But Donohue also has a backup in case of impending idiocy behind the wheel: Porsche Stability Management, which is standard instead of optional on the Anniversary Edition. The system uses the same basic throttle-and-brake-control principles employed by other manufacturersí stability control systems, but Porsche has programmed its system for enthusiast drivers. ďIt allows you to get a good feel of what the car is doing - understeering or oversteering - before it becomes active,Ē says Donohue. ďItíll only save you when you really need to be saved.Ē
Indeed, as we press closer to the limits, the car remains pleasantly free of the lurching, nannyish intervention often exhibited by such systems in more prosaic cars.
Throughout our drive, the engine treats us to a symphony that sounds part contemporary megabucks exotic, part vintage Porsche. The pleasing sound is another extra that comes with the Anniversary Edition, the result of an exhaust system that differs from that of the standard Boxster S.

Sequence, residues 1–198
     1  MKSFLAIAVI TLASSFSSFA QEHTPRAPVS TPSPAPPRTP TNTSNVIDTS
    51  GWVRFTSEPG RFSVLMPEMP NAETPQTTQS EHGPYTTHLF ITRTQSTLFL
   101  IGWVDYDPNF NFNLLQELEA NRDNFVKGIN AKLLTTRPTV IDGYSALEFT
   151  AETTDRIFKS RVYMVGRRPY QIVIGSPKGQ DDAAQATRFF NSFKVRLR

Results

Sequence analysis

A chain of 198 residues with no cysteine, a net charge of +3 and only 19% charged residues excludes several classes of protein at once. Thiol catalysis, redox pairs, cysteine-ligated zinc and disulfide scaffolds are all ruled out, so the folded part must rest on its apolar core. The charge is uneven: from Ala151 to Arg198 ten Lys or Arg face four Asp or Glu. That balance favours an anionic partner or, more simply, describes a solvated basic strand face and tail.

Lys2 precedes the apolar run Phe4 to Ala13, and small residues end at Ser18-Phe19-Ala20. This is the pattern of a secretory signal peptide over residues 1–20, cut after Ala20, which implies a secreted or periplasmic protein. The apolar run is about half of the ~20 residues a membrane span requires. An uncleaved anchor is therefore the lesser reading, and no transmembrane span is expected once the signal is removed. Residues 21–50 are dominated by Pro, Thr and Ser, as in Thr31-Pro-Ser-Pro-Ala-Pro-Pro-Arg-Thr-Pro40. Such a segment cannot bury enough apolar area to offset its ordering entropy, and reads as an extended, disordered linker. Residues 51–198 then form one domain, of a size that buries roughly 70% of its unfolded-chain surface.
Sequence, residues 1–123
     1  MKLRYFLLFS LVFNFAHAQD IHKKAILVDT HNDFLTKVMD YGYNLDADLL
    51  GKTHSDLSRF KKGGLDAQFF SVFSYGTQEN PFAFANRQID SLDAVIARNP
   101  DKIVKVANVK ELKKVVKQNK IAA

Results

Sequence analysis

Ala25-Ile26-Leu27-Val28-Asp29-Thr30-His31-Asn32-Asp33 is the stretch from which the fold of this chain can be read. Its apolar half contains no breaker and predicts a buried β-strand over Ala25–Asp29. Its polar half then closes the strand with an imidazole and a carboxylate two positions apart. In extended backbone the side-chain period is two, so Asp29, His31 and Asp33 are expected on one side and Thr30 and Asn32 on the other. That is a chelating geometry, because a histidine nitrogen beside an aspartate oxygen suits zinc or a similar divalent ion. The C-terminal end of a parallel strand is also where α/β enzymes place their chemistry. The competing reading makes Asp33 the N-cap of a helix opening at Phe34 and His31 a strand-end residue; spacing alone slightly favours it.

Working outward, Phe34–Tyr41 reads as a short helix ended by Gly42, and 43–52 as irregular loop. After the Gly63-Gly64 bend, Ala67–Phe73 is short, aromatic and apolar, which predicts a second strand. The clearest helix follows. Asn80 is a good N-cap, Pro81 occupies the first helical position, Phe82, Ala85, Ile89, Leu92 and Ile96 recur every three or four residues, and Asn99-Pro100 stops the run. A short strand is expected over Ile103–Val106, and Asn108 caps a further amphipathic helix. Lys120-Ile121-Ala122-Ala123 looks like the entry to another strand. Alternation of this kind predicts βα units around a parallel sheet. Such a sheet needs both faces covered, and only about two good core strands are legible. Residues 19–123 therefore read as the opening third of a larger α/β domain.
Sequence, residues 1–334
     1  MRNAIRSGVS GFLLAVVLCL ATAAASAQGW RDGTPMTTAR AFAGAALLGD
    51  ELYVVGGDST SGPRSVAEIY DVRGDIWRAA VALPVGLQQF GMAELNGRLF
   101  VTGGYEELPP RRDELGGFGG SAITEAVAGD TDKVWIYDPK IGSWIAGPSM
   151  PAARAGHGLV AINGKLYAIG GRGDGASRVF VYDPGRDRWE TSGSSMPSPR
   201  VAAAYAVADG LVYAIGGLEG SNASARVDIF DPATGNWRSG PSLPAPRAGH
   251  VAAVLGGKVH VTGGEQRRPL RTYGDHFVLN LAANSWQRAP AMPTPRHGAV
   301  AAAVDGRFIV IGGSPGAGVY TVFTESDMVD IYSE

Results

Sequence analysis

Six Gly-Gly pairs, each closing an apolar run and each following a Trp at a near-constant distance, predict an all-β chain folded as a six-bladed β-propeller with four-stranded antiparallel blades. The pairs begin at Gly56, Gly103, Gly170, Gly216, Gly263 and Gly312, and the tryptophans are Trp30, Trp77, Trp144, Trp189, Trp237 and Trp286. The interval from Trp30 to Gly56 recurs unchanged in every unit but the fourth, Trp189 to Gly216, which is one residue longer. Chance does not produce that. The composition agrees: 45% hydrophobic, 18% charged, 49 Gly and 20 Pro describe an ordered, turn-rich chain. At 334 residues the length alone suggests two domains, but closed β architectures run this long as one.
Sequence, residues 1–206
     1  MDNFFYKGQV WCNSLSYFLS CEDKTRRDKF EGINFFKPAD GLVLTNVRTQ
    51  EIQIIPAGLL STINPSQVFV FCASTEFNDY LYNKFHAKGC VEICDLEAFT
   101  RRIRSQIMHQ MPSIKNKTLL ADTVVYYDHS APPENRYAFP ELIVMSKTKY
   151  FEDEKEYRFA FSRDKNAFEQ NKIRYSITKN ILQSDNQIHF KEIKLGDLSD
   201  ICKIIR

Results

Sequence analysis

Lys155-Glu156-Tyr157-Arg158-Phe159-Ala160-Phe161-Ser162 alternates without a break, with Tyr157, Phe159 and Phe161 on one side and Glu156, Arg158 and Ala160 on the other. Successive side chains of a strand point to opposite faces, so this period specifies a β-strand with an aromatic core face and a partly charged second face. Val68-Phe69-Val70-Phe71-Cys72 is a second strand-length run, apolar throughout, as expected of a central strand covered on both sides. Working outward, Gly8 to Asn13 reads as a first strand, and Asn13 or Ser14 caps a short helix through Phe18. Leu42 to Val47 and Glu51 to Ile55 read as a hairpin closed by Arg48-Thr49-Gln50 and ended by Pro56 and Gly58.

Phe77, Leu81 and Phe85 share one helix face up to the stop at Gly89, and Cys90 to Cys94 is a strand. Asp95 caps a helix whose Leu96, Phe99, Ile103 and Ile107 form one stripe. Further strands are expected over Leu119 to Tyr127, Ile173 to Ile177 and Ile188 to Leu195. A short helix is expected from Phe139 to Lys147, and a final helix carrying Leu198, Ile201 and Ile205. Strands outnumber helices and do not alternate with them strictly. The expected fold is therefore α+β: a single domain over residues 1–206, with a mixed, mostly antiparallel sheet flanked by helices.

The rest of the track plays out in a succession of elements that span almost the entire gamut of performance-driving conditions - a maddening, blind little chicane; another long, bent straightaway; and a series of medium-tight turns in succession. Through it all, the Boxster cooperates, shirt sleeves rolled up, eager for whatever you put it through.
It seems almost tailor-made for Road America. And thatís saying a lot. Some lower-powered sports cars can feel lost - almost tediously slow - on this trackís abundance of long, open sections. Conversely, high-powered, front-engine haulers often seem a tad clunky on Road Americaís tighter parts.
Boxster is at home everywhere here. Whatís more, itís nimble enough to negotiate smaller, club-oriented tracks with equal aplomb, making it a worth considering for enthusiasts looking to pick up good track-day car.
The Anniversary Edition Boxster starts at $59,900, which seems reasonable, considering that a comparably equipped regular Boxster S wouldnít be all that much less money. Whatís more, other Boxster models donít even offer some of the Anniversary Editionís features, including its lowered suspension, short-throw shifter, and unique silver paint.
As Donohue and I power through the last corner and ease onto the pit road, I can only sigh. Itís a shame lifeís more delicious treats sometimes come in such small servings.